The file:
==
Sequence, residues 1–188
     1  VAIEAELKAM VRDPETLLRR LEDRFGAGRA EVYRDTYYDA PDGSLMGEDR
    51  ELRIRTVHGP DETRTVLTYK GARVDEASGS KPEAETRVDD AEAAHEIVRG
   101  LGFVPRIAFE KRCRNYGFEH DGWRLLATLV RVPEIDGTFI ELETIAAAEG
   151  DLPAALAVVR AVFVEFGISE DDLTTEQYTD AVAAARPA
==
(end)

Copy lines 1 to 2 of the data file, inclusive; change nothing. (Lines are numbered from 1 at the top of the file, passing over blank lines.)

Sequence, residues 1–188
     1  VAIEAELKAM VRDPETLLRR LEDRFGAGRA EVYRDTYYDA PDGSLMGEDR